11th Congressional District
It Just Seems Like Bush Is in the Race
Friday, October 13, 2006
Rep. Thomas M. Davis III has $1.5 million in the bank, control of a powerful committee on Capitol Hill and a record of delivering for a district of loyal constituents who have returned the Republican to office five times.
And yet the Northern Virginia congressman looks as though he is running for his political life.
Davis, 57, whose district includes parts of central Fairfax and Prince William counties, is far from an at-risk incumbent key to the Democrats' strategy of winning back the House. National Democrats aren't swarming in to help his challenger, Andrew Hurst, a novice who has raised a fraction of the money Davis has. But in this fall's midterm elections, one of the region's most recognizable politicians says he is taking nothing for granted.
Hurst "will start at the 30-yard line this year just because he's a Democrat," Davis said of his opponent, a 36-year-old lawyer from Springfield. "It's a year when, if the bottom drops out, you need to be ready."
That, of course, is exactly what Hurst, whose political experience is as a Democratic activist, is hoping for: an upset in a climate favorable to Democrats because of an unpopular war in Iraq, Republican scandals and President Bush's low approval ratings. So everywhere he goes in his David-vs.-Goliath campaign to represent the 11th District, by necessity reaching voters through the Internet and knocking on doors, Hurst relentlessly casts Davis as a rubber stamp for the president.
"Think of everything the administration has done," Hurst said. "Ninety percent of it, Tom Davis has supported. It's a perfect storm for a guy like me."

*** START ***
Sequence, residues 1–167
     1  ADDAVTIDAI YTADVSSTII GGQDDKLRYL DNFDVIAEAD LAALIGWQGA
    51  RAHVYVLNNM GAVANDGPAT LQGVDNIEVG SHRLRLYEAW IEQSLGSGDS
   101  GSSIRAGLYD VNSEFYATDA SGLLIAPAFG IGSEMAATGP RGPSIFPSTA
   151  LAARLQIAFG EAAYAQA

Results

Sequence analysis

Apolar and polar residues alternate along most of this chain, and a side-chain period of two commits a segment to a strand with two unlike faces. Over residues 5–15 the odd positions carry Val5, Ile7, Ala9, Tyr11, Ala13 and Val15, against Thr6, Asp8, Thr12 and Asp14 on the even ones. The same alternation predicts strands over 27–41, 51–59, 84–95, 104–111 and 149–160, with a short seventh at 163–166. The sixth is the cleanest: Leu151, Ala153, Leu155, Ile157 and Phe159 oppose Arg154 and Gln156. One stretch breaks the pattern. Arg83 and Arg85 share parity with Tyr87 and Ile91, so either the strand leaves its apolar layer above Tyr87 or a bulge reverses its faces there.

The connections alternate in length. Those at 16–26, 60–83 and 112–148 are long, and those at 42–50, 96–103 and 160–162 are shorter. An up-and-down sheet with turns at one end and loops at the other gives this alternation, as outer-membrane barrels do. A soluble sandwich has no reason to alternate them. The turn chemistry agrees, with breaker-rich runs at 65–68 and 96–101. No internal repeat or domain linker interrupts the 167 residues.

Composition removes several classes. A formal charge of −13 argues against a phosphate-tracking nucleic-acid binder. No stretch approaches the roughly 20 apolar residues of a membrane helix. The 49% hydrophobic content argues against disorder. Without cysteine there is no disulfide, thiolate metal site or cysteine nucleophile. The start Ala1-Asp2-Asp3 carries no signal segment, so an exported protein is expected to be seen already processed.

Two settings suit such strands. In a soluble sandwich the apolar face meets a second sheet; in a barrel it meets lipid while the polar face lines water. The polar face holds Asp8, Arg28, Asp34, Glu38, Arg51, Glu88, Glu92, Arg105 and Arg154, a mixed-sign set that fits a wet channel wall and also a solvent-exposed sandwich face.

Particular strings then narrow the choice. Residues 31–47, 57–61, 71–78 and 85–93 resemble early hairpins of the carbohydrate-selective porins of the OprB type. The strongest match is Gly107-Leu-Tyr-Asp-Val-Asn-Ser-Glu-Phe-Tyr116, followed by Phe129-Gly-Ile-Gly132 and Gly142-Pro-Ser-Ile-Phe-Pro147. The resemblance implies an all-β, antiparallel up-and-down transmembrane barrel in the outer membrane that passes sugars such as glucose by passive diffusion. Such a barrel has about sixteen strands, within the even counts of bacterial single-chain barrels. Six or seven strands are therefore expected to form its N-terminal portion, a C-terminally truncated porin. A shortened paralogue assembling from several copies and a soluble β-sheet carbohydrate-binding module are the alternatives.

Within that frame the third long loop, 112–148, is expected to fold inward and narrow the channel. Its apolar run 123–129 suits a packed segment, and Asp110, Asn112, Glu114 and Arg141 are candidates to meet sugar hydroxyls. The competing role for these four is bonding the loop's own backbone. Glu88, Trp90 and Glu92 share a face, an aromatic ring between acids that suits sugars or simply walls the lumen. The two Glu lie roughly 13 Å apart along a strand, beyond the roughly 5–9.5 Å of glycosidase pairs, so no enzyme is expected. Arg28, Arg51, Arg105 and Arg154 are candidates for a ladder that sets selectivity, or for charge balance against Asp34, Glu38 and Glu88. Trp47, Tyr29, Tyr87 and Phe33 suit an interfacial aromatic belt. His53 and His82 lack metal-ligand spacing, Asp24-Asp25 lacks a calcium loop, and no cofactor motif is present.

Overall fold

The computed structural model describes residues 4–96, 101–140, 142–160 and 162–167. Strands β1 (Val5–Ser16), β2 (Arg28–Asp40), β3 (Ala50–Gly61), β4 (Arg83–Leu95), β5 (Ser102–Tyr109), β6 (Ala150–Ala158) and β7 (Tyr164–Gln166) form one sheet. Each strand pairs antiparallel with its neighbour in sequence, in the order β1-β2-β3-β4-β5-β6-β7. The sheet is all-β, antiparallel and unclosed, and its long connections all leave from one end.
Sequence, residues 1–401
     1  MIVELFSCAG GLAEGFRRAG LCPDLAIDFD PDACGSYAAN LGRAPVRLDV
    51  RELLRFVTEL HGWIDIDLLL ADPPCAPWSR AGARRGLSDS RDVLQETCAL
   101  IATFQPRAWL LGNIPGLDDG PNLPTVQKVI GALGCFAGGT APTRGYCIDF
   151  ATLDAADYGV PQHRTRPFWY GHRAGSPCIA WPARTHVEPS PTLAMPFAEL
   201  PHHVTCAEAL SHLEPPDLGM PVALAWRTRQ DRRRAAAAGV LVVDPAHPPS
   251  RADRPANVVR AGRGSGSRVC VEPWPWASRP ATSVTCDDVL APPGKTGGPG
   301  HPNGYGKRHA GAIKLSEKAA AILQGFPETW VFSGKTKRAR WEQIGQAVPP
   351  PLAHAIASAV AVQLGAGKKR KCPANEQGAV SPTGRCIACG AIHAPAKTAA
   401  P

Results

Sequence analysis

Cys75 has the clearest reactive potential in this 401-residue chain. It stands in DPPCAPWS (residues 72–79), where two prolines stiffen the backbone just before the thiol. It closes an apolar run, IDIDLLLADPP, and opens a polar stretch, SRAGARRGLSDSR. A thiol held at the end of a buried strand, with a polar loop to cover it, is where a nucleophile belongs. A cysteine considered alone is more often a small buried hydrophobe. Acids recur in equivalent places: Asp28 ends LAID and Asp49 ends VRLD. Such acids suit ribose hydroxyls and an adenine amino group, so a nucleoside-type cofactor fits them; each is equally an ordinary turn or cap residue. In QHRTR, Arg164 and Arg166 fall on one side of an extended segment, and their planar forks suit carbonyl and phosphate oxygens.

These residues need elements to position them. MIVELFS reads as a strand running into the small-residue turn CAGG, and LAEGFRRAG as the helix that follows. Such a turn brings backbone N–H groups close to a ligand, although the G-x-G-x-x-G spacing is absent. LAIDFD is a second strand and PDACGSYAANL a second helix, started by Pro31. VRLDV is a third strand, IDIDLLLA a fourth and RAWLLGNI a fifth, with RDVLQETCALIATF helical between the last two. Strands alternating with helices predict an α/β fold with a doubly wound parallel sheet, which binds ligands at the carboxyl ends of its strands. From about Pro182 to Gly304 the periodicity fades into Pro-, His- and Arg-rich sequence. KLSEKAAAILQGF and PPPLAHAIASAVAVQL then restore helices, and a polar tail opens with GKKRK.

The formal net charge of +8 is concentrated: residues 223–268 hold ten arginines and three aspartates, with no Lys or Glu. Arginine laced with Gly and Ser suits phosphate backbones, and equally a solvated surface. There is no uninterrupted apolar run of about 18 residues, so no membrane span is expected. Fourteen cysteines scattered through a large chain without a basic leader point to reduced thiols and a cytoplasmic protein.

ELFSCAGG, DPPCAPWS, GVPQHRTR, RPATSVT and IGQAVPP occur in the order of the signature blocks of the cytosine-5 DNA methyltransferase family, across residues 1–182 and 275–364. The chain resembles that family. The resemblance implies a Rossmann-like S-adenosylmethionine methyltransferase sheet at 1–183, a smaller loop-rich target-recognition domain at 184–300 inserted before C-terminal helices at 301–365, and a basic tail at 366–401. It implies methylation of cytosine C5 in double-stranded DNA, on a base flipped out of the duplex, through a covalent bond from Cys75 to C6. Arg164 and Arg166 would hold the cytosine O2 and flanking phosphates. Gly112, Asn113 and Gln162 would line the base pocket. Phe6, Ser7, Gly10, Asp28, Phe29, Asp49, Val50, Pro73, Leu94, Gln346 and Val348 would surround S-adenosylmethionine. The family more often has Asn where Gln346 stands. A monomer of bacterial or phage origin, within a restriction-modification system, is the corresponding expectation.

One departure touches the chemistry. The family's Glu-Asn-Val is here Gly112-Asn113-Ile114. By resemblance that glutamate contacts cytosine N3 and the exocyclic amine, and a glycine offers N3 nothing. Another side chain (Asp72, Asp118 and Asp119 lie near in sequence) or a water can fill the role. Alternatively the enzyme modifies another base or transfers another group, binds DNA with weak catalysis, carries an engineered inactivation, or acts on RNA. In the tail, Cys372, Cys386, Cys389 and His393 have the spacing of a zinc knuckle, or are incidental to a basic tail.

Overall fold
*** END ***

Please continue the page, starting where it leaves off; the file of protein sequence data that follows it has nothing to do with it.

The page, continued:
Hurst's starting point has less to do with Davis than what he represents. The Democrat rallies crowds decrying the "culture of corruption in Washington" and accuses Davis, a former chief fundraiser for House Republicans, of filling his coffers with lobbyist money.
Hurst, a partner in the law firm Reed Smith LLP, rails against the energy bill Congress passed last year, with Davis's vote, and its tax credits for big business. He dismisses the new Medicare prescription drug plan as a giveaway to big insurance companies. And, like most Democrats hoping to unseat Republicans on Nov. 7, he opposes the war in Iraq and says it is time to withdraw U.S. troops, although he acknowledges that he doesn't have all the answers.
"We have to get military commanders in a room, have them agree that we are committed to withdrawing and have them tell us how to do it," he said.
Hurst is an energetic campaigner who calls Democrat John Edwards, the former vice presidential nominee and N.C. senator, his inspiration in politics. He says he is proud to have served on the team opposing Kenneth W. Starr, the Whitewater prosecutor, although his role was limited.
Davis, who lives in Vienna with his wife, state Sen. Jeannemarie Devolites Davis (R-Fairfax), is quick to distance himself from the Bush administration on some issues. "I've been critical of the administration in many aspects of their conduct of the war," he said at a debate in Fairfax last month, calling the government's rebuilding effort through contracting a "disgrace." He voted to go to war and says a quick withdrawal now would be irresponsible.
Davis acknowledges that the prescription drug plan is "not a perfect plan" but says Democrats didn't offer a plan. Responding to Hurst's allegations that the GOP is focusing too much on illegal immigration, Davis says his opponent is "out of sync" with a majority of 11th District voters, who, he says, favor a wall at the border with Mexico. Hurst dismisses that solution as a distraction from the business-friendly GOP's hesitance to crack down on illegal workers.